o I don’t’ remember what my first three houses looked like. The first one is understandable; after all, I was barely past infancy when we left it. But Forrest Avenue=the stairway, the front porch, the rhubarb plants in the back yard, the alley.
o Lewis Avenue-long curtains that were shiny and I thought quite ugly. The bedrooms are a blank. I probably shared them both with my little sister but I don’t remember.
o I don’t remember what my mother smelled like, or what her voice sounded like. The home movies I have of her do not have sound. Her voice is on a demo record for Kego the Eskimo, a story my dad was trying to sell that included a song. My mom played the voice of Mrs. Santa. I haven’t heard it since the kids were little and we played it for them during a visit to Grampy’s house.
o I don’t remember what I saw in Dave Treul. I remember a great deal about what happened during the two –plus years that we were together-places gone, events attended, snippets from particularly hideous fights, but not what I actually saw in him. I don’t’ remember actually loving him.
o I don’t remember most of the days between listing the farmhouse and actually moving out of it and I certainly and maybe thankfully don’t remember moving day. I am sure that it was hell, but mercifully, I don’t have much in my file on that one.
o I don’t remember what Annie Lane looked like, except that I remember thinking that she looked a lot like Jon, which was a relief, because someone at the hospital, I don’t remember who, told me that she heard that there was a facial deformity. I am glad that I saw for myself that it was not true. I wish I had a picture of my tiny daughter who never drew breath in this world.
o I don’t remember how bad it felt when I was at my worst, those many dark days and nights when demons flew through my head and I was unable to find solace, to rest, to feel safely held.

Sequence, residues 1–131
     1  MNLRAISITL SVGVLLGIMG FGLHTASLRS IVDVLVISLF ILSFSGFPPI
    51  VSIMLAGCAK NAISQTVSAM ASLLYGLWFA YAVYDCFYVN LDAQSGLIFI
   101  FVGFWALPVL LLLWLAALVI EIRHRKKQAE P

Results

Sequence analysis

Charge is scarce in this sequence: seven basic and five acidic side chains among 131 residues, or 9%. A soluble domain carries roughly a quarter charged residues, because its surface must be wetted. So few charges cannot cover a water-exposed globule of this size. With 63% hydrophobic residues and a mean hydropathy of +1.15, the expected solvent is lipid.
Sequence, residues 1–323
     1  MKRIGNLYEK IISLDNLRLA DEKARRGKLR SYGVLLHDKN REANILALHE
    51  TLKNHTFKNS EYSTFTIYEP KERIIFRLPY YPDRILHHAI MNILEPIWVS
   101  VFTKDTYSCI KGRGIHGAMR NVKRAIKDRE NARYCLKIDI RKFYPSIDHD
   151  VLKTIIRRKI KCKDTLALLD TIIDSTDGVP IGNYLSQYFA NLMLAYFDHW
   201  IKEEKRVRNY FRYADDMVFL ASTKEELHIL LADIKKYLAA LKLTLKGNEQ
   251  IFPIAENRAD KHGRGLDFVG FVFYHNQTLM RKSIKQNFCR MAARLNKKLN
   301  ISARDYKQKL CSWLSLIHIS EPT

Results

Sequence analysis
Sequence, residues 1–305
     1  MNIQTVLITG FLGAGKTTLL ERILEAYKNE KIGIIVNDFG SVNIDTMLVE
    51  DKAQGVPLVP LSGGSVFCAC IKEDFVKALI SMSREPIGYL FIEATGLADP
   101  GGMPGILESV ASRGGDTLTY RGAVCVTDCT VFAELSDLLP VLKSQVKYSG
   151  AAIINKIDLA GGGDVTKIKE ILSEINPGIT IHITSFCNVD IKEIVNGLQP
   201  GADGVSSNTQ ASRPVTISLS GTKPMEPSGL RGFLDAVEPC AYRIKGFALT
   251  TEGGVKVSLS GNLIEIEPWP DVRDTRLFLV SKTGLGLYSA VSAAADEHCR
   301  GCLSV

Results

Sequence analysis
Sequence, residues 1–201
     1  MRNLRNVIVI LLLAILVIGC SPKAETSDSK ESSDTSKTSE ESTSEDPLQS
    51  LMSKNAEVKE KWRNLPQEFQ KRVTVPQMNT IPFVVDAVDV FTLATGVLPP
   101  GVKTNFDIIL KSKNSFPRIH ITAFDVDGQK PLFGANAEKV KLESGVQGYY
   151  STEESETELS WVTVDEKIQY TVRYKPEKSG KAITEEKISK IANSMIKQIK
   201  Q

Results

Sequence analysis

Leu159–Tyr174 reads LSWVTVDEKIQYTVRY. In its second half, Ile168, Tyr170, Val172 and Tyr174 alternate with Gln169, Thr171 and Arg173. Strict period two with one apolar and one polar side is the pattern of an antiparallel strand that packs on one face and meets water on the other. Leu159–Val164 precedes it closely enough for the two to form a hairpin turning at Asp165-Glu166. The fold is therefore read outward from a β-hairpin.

o I don’t remember being drunk feels like, or being stoned-but especially drunk. I haven’t had an experience that mimics drunkenness that would even be reminiscent, a time when I could say, “ wow, I feel drunk.” I have twice had anesthesia during my seventeen years of sobriety, and both times, I was just OUT, that fast. When I was on heavy pain meds after the enucleation surgery, I just felt sleepy.
o I don’t remember what hamburgers taste like, or chicken or steak, or bacon—you get the idea. I haven’t eaten meat for almost as long as I haven’t had a drink. I don’t miss meat. I don’t like the smell of it. I imagine the molecules traveling through the air, microscopic meat specks, and I don’t want them to get in my nose.
o I don’t remember what PMS feels like. How great is that.
o I don’t remember what is in all of those boxes down under the basement stairs and taking up space on the shelf in the garage. I filled them up before I moved here and I don’t know what I put in them. I have considered just having them all hauled away without opening them.
o I don’t remember what it is like to live without cell phones, cable TV, and computers. In fact, it is fascinating to me to sit and think about that. Hell, I hardly remember what it was like to be chained to a phone or computer by chords.everything is wireless now, and I talk on the phone in the car and pay my bills laying in bed with my laptop propped on my knees.
o I don’t remember to take my vitamins and other pills on a regular basis.
o I don’t remember how to do most math calculations. It has been too long and, as I suspected, I never did have to use any of them in real life, as my lying teachers contended.